“Vagina is the centre of gravity of our business and our target is to dam all the vaginas in an eco-friendly way for a particular period every month.” This is not a monologue from Eve Ensler's 1996 classic 'The Vagina Monologues' but the business motto of a Thrissur-based couple.
Meet the 'V-couple' Rashmi and Rajesh Pisharody, first Keralites to set up a menstruation cup manufacturing unit to take on the basic concept of sanitary pads.
The couple, who owns Earth Care Solutions, a Rs 50-lakh turnover firm, proudly says 'V' doesn't stand for 'Victory' for them but 'Vagina' and that is the reason they named their product V-Cup, a small cup-shaped device made of silicone which is to be inserted into the vaginal canal to collect the menstrual fluid. Once full, you can remove, empty and re-insert it and the same can be used for years.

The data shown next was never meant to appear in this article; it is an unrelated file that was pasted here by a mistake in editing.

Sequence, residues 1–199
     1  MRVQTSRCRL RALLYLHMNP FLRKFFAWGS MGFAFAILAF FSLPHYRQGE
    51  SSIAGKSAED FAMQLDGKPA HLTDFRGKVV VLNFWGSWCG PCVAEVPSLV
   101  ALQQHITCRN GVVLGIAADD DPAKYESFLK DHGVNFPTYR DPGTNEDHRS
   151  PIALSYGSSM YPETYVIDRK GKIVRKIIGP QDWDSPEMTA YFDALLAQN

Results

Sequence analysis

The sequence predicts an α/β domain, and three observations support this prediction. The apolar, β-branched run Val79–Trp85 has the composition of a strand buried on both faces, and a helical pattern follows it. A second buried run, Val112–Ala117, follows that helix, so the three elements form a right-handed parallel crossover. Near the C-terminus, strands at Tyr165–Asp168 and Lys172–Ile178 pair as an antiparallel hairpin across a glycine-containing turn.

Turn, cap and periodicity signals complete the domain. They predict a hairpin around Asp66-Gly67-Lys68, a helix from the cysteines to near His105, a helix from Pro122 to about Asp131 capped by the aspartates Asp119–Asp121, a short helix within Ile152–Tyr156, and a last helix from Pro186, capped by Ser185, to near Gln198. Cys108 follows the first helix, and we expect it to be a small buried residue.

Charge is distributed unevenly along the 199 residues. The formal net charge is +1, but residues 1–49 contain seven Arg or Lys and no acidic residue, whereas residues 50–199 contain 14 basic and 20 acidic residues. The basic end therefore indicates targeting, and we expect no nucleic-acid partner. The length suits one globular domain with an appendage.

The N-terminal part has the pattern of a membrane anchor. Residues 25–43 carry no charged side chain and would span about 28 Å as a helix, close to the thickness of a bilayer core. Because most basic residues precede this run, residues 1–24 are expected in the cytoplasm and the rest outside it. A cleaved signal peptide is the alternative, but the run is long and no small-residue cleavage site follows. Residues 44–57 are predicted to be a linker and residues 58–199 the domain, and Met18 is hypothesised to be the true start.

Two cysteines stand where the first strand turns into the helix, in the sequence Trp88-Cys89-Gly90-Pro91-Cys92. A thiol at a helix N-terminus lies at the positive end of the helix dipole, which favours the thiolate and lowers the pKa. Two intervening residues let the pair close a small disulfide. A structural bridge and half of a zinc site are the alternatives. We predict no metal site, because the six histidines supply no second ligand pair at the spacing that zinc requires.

The couple had zeroed in on solid waste management as their area of interest after a lot of research but bleeding uterus was not a subject they mulled over before the company's launch.
The duo from Ashtamichira in Kerala's Thrissur district later shifted to Poonkunnam in the middle of Thrissur city, where they sowed the seeds of their business with a small vermicompost plant at their home. This was their testing ground before launching Earth Care Solutions. While most of the biodegradable kitchen and household waste they processed in the plant, the biggest challenge for them was used sanitary pads. Burning them in the courtyard disturbed the neighbours. So, the first lesson for the future entrepreneurs was Stayfree, Carefree, Whisper, She … all posed a challenge to their idea of establishing an eco-friendly solid waste management firm.